Media education

Since the 2018 elections, where the weight of fake news In the electoral results it was more felt, experts in the areas of law, communication and academia have defended the need for a media education process. It is believed that, through education, it is possible to gradually make the population aware of not disseminating content without properly checking the information.

The Common National Curricular Base (BNCC) for basic education establishes, among the general competencies: “Understanding, using and creating digital information and communication technologies in a critical, meaningful, reflective and ethical way in various social practices (including school ones) to communicate, access and disseminate information, produce knowledge, solve problems and exercise protagonism and authorship in personal and collective life.” However, its application in everyday school life tends to be restricted in the face of a secondary education reform that cuts the workload of subjects such as sociology and philosophy.

The proposed task, however, goes beyond the field of education, encompassing communication and culture. With this understanding, the Lula government held the 1st National Media Education Journey last year, where the document Brazilian Media Education Strategy was presented, which defends the implementation of the concept of educommunication; the application of the Marco Civil da Internet guidelines; educational practices integrated with the areas of health, culture and social assistance, among others; the need to adopt measures in relation to Artificial Intelligence; and actions focused, especially, on children, adolescents and the elderly, who have been the biggest targets of fake news.

Fact checking and other initiatives

If in 2018 the proliferation of fake news impacted the electoral process, during the Covid-19 pandemic they may be responsible for many deaths that could have been avoided. Amid the gigantic challenge of facing a new virus, the scientific community found itself thrown back into the XNUMXth century to, once again, have to prove the effectiveness of vaccines and the ineffectiveness of medicines not tested and proven by surveillance agencies.

To face such a flood of false information, where even logos of newspapers and media portals were falsified in graphic works pulverized by WhatsApp, agencies and professionals dedicated to fact checking became increasingly demanded. Even so, in Brazil, only three verification agencies have an active seal in the International Fact Checking Alliance (Lupa, Aos Fatos, Estadão Verifica). In addition to these, the group Globe offers the Fact or Fake checking service. There are also a number of websites dedicated to denying fakes, such as Boatos.com; or E-Scams; between others.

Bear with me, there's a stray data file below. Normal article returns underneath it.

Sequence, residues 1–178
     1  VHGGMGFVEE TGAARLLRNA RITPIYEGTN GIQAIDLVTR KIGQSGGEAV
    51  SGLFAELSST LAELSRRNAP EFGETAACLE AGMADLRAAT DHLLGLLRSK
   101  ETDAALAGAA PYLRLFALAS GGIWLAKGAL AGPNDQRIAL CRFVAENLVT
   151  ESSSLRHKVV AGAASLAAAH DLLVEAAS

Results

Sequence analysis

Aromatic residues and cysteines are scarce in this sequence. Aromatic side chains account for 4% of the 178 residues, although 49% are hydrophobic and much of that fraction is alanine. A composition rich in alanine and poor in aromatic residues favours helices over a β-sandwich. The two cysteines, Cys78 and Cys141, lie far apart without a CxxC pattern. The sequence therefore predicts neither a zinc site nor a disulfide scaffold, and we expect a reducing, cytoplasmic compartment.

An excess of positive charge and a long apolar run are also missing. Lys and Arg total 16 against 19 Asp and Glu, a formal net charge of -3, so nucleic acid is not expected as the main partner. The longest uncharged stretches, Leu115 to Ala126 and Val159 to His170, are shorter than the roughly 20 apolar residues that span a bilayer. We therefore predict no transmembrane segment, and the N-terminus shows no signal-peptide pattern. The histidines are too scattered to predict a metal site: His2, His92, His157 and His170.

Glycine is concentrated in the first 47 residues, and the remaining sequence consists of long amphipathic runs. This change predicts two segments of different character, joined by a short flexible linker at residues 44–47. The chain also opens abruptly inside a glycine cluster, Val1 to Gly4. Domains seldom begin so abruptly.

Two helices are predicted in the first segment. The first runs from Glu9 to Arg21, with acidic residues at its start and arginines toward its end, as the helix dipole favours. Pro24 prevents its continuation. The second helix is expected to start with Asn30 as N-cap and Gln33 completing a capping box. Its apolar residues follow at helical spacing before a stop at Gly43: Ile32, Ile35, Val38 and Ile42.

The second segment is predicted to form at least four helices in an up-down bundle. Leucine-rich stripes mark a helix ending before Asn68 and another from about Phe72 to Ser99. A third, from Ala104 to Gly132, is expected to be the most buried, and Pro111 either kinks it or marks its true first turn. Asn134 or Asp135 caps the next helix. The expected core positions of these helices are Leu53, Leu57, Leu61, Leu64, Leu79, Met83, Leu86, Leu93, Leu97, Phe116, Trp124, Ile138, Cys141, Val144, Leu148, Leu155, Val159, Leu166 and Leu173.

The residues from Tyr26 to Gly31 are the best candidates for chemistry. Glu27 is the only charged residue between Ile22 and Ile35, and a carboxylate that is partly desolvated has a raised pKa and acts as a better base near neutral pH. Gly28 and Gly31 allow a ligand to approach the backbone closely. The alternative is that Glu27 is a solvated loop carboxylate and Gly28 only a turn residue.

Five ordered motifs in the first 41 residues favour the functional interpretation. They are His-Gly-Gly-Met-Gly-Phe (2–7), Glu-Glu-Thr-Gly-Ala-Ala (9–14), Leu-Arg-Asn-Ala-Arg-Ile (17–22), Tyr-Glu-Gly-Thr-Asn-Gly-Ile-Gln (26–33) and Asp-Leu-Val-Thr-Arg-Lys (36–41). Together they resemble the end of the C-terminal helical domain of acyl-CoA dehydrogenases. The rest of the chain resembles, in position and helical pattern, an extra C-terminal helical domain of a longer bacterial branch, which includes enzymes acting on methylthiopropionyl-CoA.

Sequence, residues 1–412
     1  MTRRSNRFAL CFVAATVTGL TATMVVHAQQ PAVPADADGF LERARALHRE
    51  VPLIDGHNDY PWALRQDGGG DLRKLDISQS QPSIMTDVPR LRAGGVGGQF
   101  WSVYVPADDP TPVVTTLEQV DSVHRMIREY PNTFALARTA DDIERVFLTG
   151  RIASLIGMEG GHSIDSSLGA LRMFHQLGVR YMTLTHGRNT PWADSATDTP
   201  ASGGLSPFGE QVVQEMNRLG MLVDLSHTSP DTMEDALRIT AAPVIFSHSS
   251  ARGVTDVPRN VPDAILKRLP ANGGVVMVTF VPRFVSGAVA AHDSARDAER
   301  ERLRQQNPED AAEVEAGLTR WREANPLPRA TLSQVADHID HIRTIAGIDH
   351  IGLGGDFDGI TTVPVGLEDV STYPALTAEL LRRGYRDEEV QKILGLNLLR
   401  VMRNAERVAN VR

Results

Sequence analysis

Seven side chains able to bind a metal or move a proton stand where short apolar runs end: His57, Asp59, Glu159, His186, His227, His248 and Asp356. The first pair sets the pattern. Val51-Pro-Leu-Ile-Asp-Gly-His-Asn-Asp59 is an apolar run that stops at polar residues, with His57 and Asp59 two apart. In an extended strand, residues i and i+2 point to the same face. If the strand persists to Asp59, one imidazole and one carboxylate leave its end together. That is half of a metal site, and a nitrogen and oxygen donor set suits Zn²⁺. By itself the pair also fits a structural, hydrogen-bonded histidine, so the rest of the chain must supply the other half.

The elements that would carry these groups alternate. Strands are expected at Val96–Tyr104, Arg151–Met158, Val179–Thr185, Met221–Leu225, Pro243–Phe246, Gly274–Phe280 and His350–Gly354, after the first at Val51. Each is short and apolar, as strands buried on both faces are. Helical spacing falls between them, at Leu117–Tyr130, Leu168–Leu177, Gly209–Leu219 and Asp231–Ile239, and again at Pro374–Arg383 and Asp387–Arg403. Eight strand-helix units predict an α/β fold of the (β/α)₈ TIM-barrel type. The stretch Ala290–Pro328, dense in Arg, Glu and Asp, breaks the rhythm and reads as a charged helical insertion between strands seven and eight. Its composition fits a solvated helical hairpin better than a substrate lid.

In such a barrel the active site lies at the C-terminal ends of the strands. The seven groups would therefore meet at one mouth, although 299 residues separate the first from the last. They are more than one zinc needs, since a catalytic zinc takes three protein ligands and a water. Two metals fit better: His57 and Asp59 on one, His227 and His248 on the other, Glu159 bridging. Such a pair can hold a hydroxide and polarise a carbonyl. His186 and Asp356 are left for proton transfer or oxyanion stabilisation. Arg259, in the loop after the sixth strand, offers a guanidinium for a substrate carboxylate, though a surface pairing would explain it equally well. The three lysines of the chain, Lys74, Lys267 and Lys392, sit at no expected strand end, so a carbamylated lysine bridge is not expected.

In the opinion of experts, the agencies do not have sufficient structure to deny the enormity of false information in a country where, in 2022, four in ten people reported receiving fake news every day, according to news from CNN Brazil. Hence the importance of initiatives such as the Media Education Journey; such as the Program to Combat Disinformation, of the Superior Electoral Court; the Fiocruz Combating Misinformation Guide; and the Information Check Tool for professionals in the field, launched by the Federal Nursing Council; among many other experiences that are multiplying throughout the country.

It is in this vein that the campaign by the Riograndense Press Association must be welcomed, which encourages us to have the right and duty to doubt what we see, hear and read. An update to the digital times of René de Descartes' method: I think, therefore I doubt.

*Eliane Silveira is a journalist and has a degree in Social Sciences.

References


Like artificial intelligence, deepfakes and checking agencies operate in the disinformation arena – Jornal da USP

Social Networks and Fake News: how does the combination impact society? | Politicize!

Artificial intelligence, metaverse, post-truth, deepfakes and fake news – UFRGS – Jornal da Universidade

FENAJ asks the Ministry of Labor to be more rigorous in granting professional registrations – FENAJ

G1 > Brazil – NEWS – STF removes diploma requirement to practice the profession of journalist (globo.com)

Journalism: what it is (definition and concept) – Encyclopedia Meanings

https://blog.khanacademy.org/pt-br/educacao-midiatica

15 sites to check Fake News and see if the news is true in 2021 (mundointerpessoal.com)

4 in 10 Brazilians say they receive fake news daily | CNN Brazil